The author Edith Goddard Roelker was born on July 29, 1893 to William and Eleanor (Jenckes) Roelker. The family's roots in Rhode Island stretched back to the colonial era, and Edith grew up in a privileged environment on an East Greenwich homestead and a city residence in Providence. With the marriage strained by Eleanor's alcoholism, the Roelkers divorced in 1901. Edith attended school in Providence and lived for a time with an aunt in Cincinnati. She subsequently attended the elite Miss Porter's School in Farmington, Connecticut between 1909 and 1912 but left before receiving a degree. She made her society debut in 1912. Two years later, she married Charles Pelham Curtis, Jr., a Harvard Law student and member of a similarly distinguished Boston family. Charles became a partner at the Choate, Hall, and Stuart firm, and the couple lived in Boston's Back Bay neighborhood until they moved to Norfolk, Massachusetts in 1924. Their first child, Sarah (called Sally), was born in 1915, followed by Anita (1917), Charles (1919), William (1923), and Richard (1924). During the First World War, Edith volunteered for the Red Cross. She was active in Boston club life, becoming a member of the Nucleus, Chilton Club, and Boston Sewing Circle (a predecessor to the Junior League), among others. The groups functioned as hubs of high society, but they also sponsored cultural events and volunteer activities. Edith maintained an interest in literary and social clubs throughout her life.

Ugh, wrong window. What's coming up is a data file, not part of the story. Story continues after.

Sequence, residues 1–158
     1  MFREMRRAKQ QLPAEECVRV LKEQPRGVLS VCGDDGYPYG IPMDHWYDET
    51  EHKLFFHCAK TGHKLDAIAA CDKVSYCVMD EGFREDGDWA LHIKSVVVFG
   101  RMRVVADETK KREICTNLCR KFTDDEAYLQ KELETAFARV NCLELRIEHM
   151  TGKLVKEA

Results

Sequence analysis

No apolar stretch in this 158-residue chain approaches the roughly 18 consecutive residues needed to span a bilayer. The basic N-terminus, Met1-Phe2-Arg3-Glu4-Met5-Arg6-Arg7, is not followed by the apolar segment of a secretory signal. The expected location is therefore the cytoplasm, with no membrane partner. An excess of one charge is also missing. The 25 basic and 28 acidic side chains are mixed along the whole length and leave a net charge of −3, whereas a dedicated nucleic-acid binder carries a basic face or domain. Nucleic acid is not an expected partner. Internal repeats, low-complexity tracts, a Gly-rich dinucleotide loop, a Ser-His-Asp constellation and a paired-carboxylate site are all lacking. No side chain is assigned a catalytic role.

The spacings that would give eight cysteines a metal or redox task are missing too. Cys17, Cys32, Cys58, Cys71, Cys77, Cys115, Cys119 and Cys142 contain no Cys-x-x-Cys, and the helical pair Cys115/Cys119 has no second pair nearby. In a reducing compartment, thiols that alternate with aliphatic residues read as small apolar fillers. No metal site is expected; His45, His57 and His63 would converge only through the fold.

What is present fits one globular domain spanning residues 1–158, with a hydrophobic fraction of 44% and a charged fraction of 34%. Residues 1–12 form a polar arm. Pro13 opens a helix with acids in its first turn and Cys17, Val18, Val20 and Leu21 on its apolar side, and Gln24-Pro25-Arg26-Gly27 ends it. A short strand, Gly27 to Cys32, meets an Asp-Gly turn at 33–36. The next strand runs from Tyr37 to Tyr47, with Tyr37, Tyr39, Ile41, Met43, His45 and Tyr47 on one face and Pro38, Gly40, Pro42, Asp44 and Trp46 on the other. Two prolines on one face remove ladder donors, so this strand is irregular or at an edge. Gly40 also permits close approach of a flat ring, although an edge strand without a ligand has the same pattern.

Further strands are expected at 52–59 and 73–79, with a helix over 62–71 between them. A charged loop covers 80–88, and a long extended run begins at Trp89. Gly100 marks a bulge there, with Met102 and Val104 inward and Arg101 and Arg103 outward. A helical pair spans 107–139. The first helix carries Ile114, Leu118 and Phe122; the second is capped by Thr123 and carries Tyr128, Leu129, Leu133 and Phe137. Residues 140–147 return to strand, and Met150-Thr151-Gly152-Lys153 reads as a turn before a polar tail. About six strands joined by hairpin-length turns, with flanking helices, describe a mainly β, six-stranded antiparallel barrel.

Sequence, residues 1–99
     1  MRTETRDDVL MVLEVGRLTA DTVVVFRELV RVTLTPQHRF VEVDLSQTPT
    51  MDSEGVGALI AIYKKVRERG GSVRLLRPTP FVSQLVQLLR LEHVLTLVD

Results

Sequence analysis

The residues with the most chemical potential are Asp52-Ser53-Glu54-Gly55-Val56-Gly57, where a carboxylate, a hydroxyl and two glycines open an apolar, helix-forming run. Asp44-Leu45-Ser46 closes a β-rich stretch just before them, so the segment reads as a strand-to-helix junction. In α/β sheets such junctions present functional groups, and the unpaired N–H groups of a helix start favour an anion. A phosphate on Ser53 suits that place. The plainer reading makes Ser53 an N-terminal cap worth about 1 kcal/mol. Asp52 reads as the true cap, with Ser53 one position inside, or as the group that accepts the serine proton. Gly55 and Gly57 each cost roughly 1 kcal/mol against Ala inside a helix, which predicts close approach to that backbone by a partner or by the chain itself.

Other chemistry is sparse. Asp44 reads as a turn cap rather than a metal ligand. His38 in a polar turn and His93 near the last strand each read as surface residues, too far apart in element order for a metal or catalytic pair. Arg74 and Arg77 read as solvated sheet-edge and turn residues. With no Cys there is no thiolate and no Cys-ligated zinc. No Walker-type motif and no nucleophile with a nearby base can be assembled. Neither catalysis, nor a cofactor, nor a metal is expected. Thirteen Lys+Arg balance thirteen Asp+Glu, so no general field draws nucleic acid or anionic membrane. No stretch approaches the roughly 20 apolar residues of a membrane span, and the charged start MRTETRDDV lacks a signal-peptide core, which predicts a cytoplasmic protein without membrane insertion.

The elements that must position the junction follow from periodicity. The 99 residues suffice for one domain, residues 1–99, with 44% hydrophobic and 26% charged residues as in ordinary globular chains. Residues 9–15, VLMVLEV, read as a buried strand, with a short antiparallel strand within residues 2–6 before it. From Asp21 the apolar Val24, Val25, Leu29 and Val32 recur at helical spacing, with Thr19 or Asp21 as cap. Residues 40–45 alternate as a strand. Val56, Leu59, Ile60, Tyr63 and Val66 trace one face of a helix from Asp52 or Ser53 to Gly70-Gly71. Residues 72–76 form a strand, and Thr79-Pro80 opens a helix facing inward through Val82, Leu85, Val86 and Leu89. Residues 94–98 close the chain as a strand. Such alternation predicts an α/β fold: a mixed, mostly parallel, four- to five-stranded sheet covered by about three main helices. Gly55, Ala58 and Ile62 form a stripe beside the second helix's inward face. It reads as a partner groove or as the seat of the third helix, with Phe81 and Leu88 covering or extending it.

Edith Curtis' literary ambitions were awakened after the birth of her third child, and she undertook coursework in composition and English literature at Radcliffe College. In the 1920s, she would become a steady diarist, writing daily ruminations on travels and home life, reflecting on the progress of her writing career, and exploring writing projects. Her personal papers contain an extensive run of diaries, primarily spanning from 1926 to 1977. With brief newspaper articles, Curtis entered the professional realm of publishing in the 1920s. Inspired by the celebration of the Boston tercentennial, she released a full-length book, Anne Hutchinson: A Biography, with the Washburn and Thomas publishing house in 1930. As her writing career developed, her marriage foundered. Charles' extramarital affairs prompted a separation in 1934 when Edith discovered in a gossip column that her husband had registered at a New York hotel with his mistress. Charles obtained a divorce in Reno, Nevada in 1936 and soon married Frances Prentice. Given the prominent standing of the family, the divorce caused scandal in Boston social circles. Edith's continuing discontent with her ex-husband led her to obstruct contact between Charles and the children, complicating family relationships. While maintaining an active social life and overseeing a large household, Edith continued to write as her children grew up and left the home. Short works appeared in magazines and newspapers throughout the 1930s. A second historical biography, Lady Sarah Lennox, An Irrepressible Stuart, was published by Putnam in 1946 and was also released in London and Brazil. This extensively researched narration of the life of the notorious royal consort was reportedly enjoyed by the British royal family and Winston Churchill. A facsimile reprint of this book was issued in 2007.